America’s livestock industry fights back against misinformation

Animal rights groups around the nation have gone on attack against livestock production facilities all over the country, and livestock farmers have begun to fight back through social media and direct interaction with consumers.


One of the more recent videos put out to the public by the group Mercy for Animals is available on YouTube.  It’s graphic and very offensive in nature:


Emily Meredith is the Communications Director for the Animal Agriculture Alliance, and she says what you’re seeing in videos like this isn’t the whole picture.


Emily Meredith, Communications Director for the Animal Ag Alliance

Emily Meredith, Communications Director for the Animal Ag Alliance

She said the Animal Ag Alliance is a “non-profit, broad based coalition of everyone in the animal ag food chain.”  The chain includes “farmers, ranchers, producer organizations, and veterinarians.”  She said the goal of the organization is to speak “with a unified voice, to the media and public about top of mind issues, which includes animal rights.”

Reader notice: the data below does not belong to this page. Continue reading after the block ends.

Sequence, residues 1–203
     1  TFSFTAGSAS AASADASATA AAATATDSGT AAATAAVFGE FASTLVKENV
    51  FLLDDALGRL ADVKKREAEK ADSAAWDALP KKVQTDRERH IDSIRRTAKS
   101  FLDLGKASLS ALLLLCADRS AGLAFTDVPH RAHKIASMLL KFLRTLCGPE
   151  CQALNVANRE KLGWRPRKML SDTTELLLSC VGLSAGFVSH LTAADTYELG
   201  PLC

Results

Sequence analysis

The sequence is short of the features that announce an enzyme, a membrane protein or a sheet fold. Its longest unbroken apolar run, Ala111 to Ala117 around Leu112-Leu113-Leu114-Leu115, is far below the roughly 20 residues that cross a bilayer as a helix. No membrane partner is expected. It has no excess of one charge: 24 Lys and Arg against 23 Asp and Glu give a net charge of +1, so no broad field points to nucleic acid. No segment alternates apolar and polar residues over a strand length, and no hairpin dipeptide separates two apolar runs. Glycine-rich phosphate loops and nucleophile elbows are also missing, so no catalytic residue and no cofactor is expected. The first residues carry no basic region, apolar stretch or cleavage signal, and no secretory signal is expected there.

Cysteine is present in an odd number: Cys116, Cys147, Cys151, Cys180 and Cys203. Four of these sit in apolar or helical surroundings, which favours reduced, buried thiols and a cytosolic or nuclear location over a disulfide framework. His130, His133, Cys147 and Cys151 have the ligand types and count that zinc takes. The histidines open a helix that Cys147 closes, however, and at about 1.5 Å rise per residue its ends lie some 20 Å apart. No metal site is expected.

The Alliance feels the real motivation for these videos are more bottom line oriented.  Meredith said “they’re trying to use these videos to fundraise.  They’re also trying to scare the American consumer into believing that their meat and eggs are not being produced humanely, which drives their vegan agenda.”



Dal Grooms is a spokeswoman for the Iowa Cattleman’s Association, and spoke to Fox News.  She said these activists aren’t in it for the animals benefit.  “Who cares more about the livestock?  The farmers who own it and make sure it’s healthy, or people that kind of stop in for a bit, and then move on to their next victim?  They’re trying to put livestock farmers out of business, and they’re trying to raise money too.”